UBC Theses and Dissertations
UBC Theses and Dissertations
Dynamics of neutrally buoyant inflatable structures used in submarine detection Misra, Arun Kanti
The dynamics of a submarine detection system using neutrally buoyant inflated structural members is investigated with mathematical models representing increasing order of complexity. An appreciation of the flexural deflections of a single inflated viscoelastic cylindrical cantilever is first gained using the three parameter solid model. This is followed by its free vibration analysis in the presence of hydrodynamic forces and axial tension arising due to the internal pressure. The approximate solutions of the governing nonlinear, partial differential equation are substantiated through numerical and experimental data. An analysis of dynamical response to the surface wave excitations provides useful design information. Next, the coupled motion of an array consisting of three legs and a central head is studied. The inplane and out of plane motions, which essentially decouple for small oscillations, are considered separately. Effects of the inflation pressure and inertia parameters on the natural frequencies of the system are examined and the possibility of dynamic instability for certain parametric values established. The vertical motion of a buoy-cable-array assembly is considered subsequently. The cable is replaced by a spring of equivalent stiffness and the flexural displacements of the legs are superposed on the motion of the central head. The free vibration of the system is studied first and the influence of the important system parameters on the natural frequencies evaluated. The motion excited by a sinusoidal surface wave is also studied to explore the possibility of reducing the tip displacements. The dynamics of a buoy-cable-array assembly drifting with a uniform velocity is then investigated. As the motion is rather complex because of the large number of degrees of freedom involved, a relatively simple model is considered to obtain some appreciation of the problem. The oscillations of the buoy and flexibility of the legs are ignored and the cable is represented by two straight lines. The steady state configurations of this system and their dependence on various parameters are examined. The double pendulum type motion of the cable along with the rotational oscillations of the array around the equilibrium positions are studied to obtain preliminary information regarding the stability of the motion. Reduction in the length or diameter of the arms appears to improve the damping rates of the system. Finally, some of the restrictions inherent in the simplified model are removed. The flexibility of the legs and the tangential drag which were neglected earlier, are taken into account. A more accurate cable configuration is considered to make the model closer to the reality. However, the oscillations of the buoy are again ignored. With this, the steady state configurations of the system are determined around which a linearized perturbation analysis is carried out. Longitudinal and lateral motions essentially decouple for small amplitude motions. Natural frequencies of the system are found by analyzing the resulting eigenvalue problem and the influence of various parameters on the damping of the disturbances examined. As noticed in the rigid array analysis, shorter arm lengths improve the decaying characteristics of the system. But the minimum acceptable length being governed by the signal processing considerations, a compromise is indicated in the design. For given cable and arm lengths, there appears to be an optimum diameter from the stability considerations.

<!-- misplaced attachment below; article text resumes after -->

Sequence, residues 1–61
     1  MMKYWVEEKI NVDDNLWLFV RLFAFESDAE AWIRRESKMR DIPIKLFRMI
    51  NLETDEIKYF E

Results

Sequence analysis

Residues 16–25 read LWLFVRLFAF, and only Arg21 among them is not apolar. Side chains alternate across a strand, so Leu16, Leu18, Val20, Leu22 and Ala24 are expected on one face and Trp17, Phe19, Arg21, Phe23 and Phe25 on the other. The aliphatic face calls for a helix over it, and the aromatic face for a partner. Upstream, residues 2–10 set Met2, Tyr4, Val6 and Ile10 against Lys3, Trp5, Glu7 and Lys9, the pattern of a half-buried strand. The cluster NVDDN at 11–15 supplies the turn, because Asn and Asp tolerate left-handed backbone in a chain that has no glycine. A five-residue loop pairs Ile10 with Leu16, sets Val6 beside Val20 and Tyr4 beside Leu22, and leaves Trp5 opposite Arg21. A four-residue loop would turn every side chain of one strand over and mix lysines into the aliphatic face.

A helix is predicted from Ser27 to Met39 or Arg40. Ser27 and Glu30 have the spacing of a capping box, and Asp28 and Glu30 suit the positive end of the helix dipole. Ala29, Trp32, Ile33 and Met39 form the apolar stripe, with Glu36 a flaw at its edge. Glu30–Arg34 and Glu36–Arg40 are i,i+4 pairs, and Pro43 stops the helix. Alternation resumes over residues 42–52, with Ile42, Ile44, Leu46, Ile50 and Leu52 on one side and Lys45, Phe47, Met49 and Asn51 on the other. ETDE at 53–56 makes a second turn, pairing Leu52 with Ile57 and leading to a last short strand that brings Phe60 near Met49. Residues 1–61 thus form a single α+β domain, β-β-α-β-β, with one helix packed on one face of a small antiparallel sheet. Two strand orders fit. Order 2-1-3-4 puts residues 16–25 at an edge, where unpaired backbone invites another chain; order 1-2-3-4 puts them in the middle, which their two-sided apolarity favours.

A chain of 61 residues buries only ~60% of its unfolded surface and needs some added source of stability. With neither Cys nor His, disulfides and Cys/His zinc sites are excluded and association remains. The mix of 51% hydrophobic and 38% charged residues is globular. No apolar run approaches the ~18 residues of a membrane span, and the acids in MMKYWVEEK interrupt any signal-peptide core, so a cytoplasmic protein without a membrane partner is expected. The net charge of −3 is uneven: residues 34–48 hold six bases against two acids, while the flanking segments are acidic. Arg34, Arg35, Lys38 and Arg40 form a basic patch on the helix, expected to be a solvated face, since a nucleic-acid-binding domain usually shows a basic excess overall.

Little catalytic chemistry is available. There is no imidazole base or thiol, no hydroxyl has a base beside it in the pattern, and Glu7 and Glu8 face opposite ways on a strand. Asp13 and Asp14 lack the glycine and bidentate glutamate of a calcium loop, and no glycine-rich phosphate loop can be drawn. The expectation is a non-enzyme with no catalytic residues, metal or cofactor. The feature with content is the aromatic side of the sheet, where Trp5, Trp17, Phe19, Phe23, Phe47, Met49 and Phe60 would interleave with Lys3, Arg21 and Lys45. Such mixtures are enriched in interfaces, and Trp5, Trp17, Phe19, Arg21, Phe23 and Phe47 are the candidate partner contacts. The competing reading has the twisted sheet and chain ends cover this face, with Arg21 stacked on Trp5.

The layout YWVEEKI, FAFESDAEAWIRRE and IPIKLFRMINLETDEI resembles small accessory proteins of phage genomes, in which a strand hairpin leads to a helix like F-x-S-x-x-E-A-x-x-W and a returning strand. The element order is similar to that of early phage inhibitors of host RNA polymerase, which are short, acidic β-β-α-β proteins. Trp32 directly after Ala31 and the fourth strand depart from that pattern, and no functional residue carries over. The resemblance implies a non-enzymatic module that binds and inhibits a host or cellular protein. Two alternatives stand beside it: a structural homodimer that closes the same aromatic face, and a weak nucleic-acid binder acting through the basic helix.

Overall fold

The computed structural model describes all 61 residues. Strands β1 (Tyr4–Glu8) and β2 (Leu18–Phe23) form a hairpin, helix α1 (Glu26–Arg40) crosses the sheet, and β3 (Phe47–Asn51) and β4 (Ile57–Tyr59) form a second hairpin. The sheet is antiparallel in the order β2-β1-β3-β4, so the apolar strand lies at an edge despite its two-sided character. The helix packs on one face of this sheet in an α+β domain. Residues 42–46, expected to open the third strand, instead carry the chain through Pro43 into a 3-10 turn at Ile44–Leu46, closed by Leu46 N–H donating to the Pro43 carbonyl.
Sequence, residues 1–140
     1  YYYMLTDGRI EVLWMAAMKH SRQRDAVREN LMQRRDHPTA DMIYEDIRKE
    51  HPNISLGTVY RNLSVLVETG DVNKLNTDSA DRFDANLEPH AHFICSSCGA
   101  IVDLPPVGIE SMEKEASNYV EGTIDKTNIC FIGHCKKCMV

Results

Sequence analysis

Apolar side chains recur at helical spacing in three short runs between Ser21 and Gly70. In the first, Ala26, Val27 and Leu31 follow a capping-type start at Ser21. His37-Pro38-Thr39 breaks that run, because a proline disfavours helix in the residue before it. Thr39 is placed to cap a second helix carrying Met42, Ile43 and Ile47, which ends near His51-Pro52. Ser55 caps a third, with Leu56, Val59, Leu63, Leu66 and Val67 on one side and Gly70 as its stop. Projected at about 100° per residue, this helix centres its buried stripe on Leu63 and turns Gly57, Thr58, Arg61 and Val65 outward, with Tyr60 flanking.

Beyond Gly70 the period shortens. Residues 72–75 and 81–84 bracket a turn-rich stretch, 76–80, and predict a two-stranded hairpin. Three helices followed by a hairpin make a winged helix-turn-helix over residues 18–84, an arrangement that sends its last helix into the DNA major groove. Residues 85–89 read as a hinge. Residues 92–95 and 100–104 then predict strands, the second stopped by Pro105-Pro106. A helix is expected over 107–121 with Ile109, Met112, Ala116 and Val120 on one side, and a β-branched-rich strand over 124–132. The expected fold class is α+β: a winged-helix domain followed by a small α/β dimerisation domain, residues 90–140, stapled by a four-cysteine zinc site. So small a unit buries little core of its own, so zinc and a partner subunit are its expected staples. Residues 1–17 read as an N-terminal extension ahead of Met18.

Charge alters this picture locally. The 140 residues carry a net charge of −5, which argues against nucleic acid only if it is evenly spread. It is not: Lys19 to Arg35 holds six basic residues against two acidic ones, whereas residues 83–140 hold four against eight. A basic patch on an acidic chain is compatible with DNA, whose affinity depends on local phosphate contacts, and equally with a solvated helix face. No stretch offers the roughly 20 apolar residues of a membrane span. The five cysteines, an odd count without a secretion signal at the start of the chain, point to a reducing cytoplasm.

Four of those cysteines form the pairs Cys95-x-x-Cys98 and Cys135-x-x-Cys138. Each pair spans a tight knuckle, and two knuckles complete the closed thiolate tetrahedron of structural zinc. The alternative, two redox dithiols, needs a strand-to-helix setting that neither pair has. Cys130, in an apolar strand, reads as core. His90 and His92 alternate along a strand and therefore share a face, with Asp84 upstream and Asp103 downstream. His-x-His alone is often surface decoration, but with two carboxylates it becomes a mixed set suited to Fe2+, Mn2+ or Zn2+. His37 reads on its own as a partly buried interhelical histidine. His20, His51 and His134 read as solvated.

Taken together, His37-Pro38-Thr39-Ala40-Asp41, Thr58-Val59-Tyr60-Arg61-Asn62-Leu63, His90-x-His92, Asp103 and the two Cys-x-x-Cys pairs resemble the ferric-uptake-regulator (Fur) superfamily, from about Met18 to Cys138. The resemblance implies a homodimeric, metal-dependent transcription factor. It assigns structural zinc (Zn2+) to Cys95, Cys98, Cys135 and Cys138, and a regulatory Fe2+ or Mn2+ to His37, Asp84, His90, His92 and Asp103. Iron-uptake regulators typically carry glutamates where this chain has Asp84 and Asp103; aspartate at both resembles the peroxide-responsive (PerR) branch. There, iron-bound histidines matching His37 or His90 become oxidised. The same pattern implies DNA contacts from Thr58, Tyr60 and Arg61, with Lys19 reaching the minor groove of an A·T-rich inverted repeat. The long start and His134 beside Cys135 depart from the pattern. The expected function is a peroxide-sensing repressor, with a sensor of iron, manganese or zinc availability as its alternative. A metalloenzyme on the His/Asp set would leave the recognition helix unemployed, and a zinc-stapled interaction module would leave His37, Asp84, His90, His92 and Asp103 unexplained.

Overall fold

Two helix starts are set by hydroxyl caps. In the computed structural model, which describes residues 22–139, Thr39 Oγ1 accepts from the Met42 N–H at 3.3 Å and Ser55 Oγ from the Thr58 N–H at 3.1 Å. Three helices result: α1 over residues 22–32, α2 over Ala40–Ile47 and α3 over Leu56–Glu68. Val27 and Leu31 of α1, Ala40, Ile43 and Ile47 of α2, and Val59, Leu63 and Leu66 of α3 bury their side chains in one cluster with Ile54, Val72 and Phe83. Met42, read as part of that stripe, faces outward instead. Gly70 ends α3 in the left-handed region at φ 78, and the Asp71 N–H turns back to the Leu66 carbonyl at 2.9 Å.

Item Citations and Data